In local First Nations’ mythology, the mountain named Pkols lies at the centre of the creation story, the place from which other masses of high ground were formed when the Creator threw them as rocks from the top of this highest point in the area. The settler story, too, has the same land mass at its beginnings, the top of Mount Douglas being the site of the signing of the contentious Douglas Treaties, in which the People ostensibly signed over the land - something over which we now understand they held no sense of ownership or dominion - to the new arrivals.
It is also - and one can imagine this playing into both these histories - a great place from which to face the coast.
Granted, my intent in starting this project was to find and conduct my interviews at the waterfront for each of the 100 days. However, 10 days in - and recognizing I’ve taken on a challenge of greater weight that the 10-minutes per day proscribed by the folks behind The 100-Day Project - we’ve come to recognize that in the interest of our health we may need to do a little stretching of the rules. So we threw the original structure and timing to the wind and went for a run, to reconnect, figuring we could each fulfill our project commitment from up on the mountain.
Run finished, we roamed the mountain-top, first collaborating on some action shots with Jennie driving, shooting across a valley. As we walked to meetup, I tripped over a lifejacket on the rocks. Then tripped over the sight of a white-water kayak laying next to it. Then the sound of metal scraping rock, looking up to see Julie climbing a small rock face…in a dress…wearing snowshoes. I knew that this was the person I needed to speak to.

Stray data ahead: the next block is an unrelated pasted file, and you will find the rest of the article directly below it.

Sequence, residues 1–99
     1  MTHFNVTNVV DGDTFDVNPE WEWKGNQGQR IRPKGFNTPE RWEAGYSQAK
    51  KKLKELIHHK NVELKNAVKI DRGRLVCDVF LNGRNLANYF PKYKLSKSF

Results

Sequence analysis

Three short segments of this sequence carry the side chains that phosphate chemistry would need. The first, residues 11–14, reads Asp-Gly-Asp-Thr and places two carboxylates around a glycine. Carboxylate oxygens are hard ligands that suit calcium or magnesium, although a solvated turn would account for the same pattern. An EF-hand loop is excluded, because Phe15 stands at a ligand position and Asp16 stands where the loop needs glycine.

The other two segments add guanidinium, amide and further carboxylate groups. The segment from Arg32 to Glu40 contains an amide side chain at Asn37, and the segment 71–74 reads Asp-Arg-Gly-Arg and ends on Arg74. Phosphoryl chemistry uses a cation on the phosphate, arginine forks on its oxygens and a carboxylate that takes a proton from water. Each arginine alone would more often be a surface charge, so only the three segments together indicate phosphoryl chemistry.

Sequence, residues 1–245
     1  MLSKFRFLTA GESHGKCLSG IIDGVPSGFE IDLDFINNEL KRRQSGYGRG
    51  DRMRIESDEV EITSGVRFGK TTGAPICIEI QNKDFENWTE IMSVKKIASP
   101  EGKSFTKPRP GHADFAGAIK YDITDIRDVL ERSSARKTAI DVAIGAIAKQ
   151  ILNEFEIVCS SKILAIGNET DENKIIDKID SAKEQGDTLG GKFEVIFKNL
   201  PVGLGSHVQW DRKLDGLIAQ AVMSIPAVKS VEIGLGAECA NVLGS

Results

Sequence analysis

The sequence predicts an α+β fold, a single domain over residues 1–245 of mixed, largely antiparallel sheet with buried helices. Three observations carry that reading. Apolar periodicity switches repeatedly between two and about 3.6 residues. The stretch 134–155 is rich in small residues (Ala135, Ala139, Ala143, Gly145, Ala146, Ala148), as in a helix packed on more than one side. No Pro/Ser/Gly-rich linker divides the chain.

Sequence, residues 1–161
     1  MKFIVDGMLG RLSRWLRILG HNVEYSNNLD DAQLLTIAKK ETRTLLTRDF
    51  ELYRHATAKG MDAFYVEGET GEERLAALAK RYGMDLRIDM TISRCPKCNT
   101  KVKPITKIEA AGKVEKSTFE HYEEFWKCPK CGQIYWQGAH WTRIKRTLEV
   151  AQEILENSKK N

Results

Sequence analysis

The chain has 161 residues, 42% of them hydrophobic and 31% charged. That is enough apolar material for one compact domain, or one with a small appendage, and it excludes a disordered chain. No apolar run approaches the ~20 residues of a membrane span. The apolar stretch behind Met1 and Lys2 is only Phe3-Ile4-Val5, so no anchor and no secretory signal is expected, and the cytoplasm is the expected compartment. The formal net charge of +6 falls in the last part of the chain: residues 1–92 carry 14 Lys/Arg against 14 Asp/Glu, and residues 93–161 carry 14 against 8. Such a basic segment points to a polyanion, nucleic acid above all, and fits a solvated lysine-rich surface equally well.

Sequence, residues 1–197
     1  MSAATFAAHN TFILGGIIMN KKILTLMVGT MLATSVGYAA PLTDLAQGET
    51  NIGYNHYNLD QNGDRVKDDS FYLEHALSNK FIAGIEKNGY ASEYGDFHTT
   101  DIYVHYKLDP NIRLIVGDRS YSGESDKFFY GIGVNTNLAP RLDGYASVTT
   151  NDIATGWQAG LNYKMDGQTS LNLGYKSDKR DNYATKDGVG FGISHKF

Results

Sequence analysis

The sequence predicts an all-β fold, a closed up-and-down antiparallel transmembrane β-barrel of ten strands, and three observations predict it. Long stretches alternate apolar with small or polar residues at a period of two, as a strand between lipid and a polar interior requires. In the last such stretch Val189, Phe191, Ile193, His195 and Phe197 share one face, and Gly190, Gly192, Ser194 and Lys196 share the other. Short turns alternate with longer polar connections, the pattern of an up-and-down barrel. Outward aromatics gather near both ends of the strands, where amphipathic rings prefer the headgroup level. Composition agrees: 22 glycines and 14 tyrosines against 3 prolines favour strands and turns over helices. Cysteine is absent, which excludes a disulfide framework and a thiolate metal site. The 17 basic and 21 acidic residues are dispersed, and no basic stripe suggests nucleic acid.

It turns out her mom was shooting a video for her as her half of a team entry into the Woods Dream Job competition.
“It’s with my friend Bridget who is this crazy Australian woman. We met two years ago sea kayak guiding and doing a 14-day hike together and we love being rad, bad women outside and so we would love to have this job to explore Canada and get to know each other better.”
Curiosity quenched - apparent madness proven to be clear radness - we moved downhill to the coast.
“I started sea kayak guiding when I was about eighteen at Camp Thunderbird in Sooke and have been guiding 5-14 day trips since then. I was born in Victoria and I love being in the ocean and by the ocean - I’ve tested it out and I cannot live somewhere there’s no ocean because I feel like I’m claustrophobic and not connected to anything. I love the salt and the rain - well, not always the rain - I love being able to go from point A to point B on the water and explore all the little nooks and crannies of the coast. One of my favourite coastal experiences is definitely swimming in phosphorescence, or kayaking at night in phosphorescence. In terms of favourite places, in particular kayaking in the Broughton Archipelago…there were whales coming up to us every day, we had a dolphin swim under our boat…that was pretty unreal.
I feel so connected to this place, but I need to work through not feeling entitled to it, because I recognize that we’re on unceded Lekungwen and Coast Salish territory. I was born here, but my family is not from here. I benefit from being on this land without it actually being mine. So it’s something that I’m grappling with.”